Council pledges to fill hundreds of empty Northampton homes and make renting easier

It's a familiar story for anyone who rents out a property. You go to an agent. The agent wants a management fee to collect rent and look after the house.

Thursday, 4th January 2018, 9:57 am
Updated Thursday, 4th January 2018, 4:47 pm
Renting a home is too expensive for many. Northampton Borough Council's Guildhall Residential Lettings seeks to cut out the middlemen of agents, making the process cheaper for potential tenants.

Then a letting fee to do much the same thing, an admin fee, renewal fee, gas safety fee – the list is endless.

Why should ordinary people care? Well, it’s the opinion of Northampton Borough Council that agents are pushing up rents, pricing ordinary people desperate to find a home out of the market – and sometimes out of the town itself.

This is why the council has set up Guildhall Residential Lettings. A social lettings agency, it is in effect a local authority intervention into the housing market, offering kinder terms for tenants and bringing hundreds of empty homes into use for vulnerable people – sometimes those on benefits – who are often shunned by landlords.

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The agency will work directly with landlords to cut out the middlemen of agents to improve standards and make it easier for people to live in affordable private rented accommodation.

Councillor Stephen Hibbert (Con, Riverside) said: “We’re going to target the people who are struggling to find a home, so it will help people in need like the disabled.

“Once the landlord knows they are on benefits, they tend not to take them on board. We will be willing to do that providing they can show a willingness to pay their rent through the benefit.

“We will take that risk off the landlords’ shoulders and hopefully this will attract the landlords to us.”

The scheme is not-for -profit and will be initially funded up front by the borough council.

But this is all set to change once fees start rolling in through the letting process, to be reinvested.

Letting agents argue that the fees are necessary in order to find suitable tenants and that they are covering costs that they themselves are liable for.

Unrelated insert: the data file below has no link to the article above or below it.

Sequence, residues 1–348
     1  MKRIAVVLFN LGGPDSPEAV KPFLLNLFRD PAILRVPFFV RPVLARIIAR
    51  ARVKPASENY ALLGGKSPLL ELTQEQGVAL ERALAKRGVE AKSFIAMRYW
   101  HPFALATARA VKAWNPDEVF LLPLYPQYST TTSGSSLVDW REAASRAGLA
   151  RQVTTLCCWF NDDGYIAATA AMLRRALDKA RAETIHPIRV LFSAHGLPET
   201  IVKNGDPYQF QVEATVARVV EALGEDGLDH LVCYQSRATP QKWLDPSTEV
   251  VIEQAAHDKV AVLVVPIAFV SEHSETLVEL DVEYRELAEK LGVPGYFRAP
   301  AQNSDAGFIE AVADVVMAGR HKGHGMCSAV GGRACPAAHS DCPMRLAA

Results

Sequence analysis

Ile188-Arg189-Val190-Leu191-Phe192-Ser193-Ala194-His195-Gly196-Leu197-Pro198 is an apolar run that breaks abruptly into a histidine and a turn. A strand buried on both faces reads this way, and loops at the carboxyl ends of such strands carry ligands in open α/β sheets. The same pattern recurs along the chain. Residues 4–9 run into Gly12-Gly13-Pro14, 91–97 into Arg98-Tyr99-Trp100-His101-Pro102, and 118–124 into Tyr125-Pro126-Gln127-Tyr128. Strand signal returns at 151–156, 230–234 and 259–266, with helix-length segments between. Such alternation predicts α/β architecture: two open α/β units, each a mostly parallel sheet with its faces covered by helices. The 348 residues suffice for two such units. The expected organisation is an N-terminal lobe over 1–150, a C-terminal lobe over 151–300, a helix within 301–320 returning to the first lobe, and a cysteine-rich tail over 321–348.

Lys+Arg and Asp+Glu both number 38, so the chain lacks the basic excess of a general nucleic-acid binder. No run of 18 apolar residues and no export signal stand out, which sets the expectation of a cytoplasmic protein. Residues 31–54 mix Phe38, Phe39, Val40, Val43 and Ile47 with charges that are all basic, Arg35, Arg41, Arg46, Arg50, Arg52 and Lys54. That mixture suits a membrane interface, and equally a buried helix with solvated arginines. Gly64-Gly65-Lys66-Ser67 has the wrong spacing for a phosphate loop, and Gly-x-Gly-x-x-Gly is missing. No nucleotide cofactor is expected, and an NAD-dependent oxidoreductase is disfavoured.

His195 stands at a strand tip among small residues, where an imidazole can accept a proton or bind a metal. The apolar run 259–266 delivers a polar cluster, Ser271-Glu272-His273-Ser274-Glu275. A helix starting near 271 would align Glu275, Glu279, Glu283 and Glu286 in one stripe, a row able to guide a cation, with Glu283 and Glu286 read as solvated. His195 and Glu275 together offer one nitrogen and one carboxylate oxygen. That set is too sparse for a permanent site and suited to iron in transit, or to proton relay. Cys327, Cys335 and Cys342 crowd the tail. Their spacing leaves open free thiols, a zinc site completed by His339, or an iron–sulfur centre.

The only fees chargeable to the tenant by J.P. Property Management, for example, are their initial administration fee and renewal of tenancy fee.

Julie Payne, of J.P. Property Management Ltd said: “At the end of the day, letting agents have to charge fees, firstly, to enable referencing of tenants to take place, which costs the agent through an outside source.

“This is to ensure that the applicant is able to afford the monthly rental of the property and has no adverse credit history, also their previous landlord would be contacted to ensure there were no rent arrears and that the property was maintained in good condition.”

Nevertheless, the borough council firmly believes it can provide a superior service without such charges, helping keep the cost of renting down for those who just cannot scrape the necessary funds together. Homelessness should fall as a result, the council believes.

Councillor Hibbert said, nationally, having no permanent address was becoming a problem. "Families are often forced to live in expensive bed and breakfasts, with the nearest sometimes miles out of Northampton."

He believes if the social lettings agency was not in place then the borough council would struggle to deal with the pressures of people living without a roof over their heads.

It is clear that Guildhall Residential Lettings is a good way of reducing a costly burden on the council.

But councillors should also be applauded for finding a solution that at last offers hope for perennially shunned tenants.